An Inquiry of Intimacy

Within us all, there is a desire for connection that at its essence can be called intimacy. This desire can emerge as longing, a deep calling for partnership; the innocent desire to be known and seen.

Much of our culture points to intimacy as something that is meant only for our significant partners, that it implies sex and is something to be guarded with and only shared with those closest to us. I believe that expanding our definition of what intimacy can mean and how it is shared will take us all one step closer to collective healing between humans.

The most profound and essential intimacy we can experience in this life is the one with our own hearts and spirit. Our ability to be fully intimate with others is directly proportionate with the connection we have with ourselves.

Unfortunately, in today’s modern age the capacity and skill to reveal our depths without getting lost or entangled requires a quality of personal intimacy and inner grounding most people were not taught while growing up.

It seems that for most of us, the moment we began to form awareness and cognition we were distracted away from our inner landscape. For various reasons we find ourselves in a period of human experience where it is more comfortable to connect with others than with the depths of ourselves.

Ironically, the consequence of this leads many of us, even those in partnerships, to feel isolated and lonely. This isolation seems to come from a lack of connection from others but in reality, stems from a lack of deep relationship with ourselves.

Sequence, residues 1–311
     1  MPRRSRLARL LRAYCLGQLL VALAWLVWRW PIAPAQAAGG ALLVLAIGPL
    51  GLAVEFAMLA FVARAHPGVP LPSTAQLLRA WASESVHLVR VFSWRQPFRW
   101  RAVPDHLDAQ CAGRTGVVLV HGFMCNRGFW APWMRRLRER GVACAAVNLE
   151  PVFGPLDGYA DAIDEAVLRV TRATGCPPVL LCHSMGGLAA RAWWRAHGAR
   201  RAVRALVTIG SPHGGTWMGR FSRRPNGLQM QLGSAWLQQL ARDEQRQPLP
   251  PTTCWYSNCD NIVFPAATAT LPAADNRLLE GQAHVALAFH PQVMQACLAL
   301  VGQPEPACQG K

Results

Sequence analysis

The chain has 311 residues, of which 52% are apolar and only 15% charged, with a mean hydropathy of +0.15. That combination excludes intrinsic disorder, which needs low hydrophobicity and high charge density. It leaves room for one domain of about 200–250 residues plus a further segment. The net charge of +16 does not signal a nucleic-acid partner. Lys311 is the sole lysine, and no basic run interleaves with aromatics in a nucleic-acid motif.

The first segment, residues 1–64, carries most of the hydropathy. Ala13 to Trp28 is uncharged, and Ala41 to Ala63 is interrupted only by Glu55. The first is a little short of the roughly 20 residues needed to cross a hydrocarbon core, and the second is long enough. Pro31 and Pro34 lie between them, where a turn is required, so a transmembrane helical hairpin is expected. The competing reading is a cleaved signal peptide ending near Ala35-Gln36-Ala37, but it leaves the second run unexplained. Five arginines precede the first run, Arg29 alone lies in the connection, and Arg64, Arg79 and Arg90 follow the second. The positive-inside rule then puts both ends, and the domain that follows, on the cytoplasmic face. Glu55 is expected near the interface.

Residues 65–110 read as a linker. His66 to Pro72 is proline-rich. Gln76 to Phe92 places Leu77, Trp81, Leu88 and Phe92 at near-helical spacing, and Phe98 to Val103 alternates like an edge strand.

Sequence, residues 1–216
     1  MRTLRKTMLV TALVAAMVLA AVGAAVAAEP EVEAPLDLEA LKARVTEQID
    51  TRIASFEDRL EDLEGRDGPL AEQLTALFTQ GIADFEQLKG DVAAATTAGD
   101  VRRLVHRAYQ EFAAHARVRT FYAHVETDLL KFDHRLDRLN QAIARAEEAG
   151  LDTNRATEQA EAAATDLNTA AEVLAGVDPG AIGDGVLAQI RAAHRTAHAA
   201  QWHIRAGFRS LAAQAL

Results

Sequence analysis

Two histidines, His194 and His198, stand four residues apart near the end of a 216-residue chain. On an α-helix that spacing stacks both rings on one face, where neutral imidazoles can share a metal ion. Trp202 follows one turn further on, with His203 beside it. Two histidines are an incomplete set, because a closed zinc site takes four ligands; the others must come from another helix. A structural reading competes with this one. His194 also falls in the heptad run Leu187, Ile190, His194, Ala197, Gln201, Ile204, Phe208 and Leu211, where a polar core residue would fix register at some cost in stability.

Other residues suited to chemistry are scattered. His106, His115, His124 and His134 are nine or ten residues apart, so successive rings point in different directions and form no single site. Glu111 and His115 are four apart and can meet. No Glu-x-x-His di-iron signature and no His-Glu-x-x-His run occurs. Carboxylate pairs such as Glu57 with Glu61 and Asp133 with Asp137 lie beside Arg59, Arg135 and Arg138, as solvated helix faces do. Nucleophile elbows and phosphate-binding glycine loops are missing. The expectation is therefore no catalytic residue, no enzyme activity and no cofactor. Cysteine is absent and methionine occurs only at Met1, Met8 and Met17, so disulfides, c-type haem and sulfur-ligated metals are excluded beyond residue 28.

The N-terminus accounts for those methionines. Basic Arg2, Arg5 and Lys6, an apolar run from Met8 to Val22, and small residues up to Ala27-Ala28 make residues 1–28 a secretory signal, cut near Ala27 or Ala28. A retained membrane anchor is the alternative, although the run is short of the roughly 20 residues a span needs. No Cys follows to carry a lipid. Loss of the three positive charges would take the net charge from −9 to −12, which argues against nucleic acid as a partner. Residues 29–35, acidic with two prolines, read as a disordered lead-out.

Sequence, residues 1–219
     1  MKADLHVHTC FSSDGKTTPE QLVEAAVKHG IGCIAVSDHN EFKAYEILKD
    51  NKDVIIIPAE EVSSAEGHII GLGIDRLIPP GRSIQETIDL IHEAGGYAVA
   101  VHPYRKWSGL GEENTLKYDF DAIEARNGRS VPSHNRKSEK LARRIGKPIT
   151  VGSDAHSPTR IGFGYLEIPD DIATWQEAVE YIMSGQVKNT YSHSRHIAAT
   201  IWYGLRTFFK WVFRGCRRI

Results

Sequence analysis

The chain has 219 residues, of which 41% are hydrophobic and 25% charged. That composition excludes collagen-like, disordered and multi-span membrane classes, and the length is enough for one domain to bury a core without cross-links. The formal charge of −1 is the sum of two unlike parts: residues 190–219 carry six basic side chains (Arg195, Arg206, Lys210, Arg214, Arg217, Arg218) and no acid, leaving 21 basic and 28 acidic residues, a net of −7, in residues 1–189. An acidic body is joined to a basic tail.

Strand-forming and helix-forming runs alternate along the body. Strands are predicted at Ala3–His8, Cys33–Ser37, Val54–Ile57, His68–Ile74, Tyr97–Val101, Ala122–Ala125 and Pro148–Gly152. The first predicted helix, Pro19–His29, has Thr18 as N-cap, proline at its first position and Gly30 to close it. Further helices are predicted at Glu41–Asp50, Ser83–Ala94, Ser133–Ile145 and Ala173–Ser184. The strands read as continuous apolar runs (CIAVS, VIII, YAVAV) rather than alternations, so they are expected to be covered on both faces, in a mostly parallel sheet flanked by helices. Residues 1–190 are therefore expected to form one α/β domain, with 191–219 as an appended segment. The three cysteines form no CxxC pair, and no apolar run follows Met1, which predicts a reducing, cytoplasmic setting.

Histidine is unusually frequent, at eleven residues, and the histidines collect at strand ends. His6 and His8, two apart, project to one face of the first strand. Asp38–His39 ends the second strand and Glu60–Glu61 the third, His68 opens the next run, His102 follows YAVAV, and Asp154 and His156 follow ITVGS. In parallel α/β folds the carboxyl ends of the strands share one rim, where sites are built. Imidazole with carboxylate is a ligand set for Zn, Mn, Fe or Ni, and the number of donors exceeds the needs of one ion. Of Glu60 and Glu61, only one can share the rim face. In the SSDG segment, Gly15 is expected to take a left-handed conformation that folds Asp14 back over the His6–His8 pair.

When we aren’t with someone who is giving us validation, comfort, and recognition, who are we? Are we ok? Am I ok?

Sadly, it is often from this place of unconscious doubt that so many of us relate with others often leading to co-dependency and unhealthy dynamics founded upon fragmented understandings of our inner world.

The best intimacy begins with an experience of self-love, expression, and inner alignment. Becoming known to ourselves. Whether it is through a practice of meditation or journaling, we begin to discover the core of who we are, the depths of our inner essence, the beauty of our hearts.

This can be a confronting process, which is perhaps why it is so overlooked in our culture. The honesty inquiry required to see ourselves authentically requires courage and steady breath. To equally observe our beauty and darkness with no judgment or action aside from a desire to deeply know the texture of our soul. To explore ourselves as both timeless and new in each moment asks us to be in a constant state of presence and wonder.

Once we begin to genuinely experience ourselves, we can then share a richer more holistic experience of ourselves with others. This expression of connection can be physical, yet often the most intimate experiences are in moments of presence, spoken truth, and the revealing silence between two people willing to let go, see, and be with each other’s humanity.

It requires a willingness to let others see our unresolved nature, our uncertainty, our pain, beauty and shadow. Often these are aspects are connected to woundings of our inner child which coincidentally needs not only the presence and care of others but most importantly needs the loving attention that only personal intimacy can provide.

While challenging and confronting at times to sit with our grief, unanswered questions, and secret longings, the more familiar we are with our inner terrain, the more brightly our hearts and souls can shine.

It’s been said we are all walking each other home. Often the way back is dark, windy, and fumbly. As we cultivate an intimacy with ourselves we become bright lights for others walking their own journeys towards the ever unfolding experience of what it means to be alive, connected, and human.


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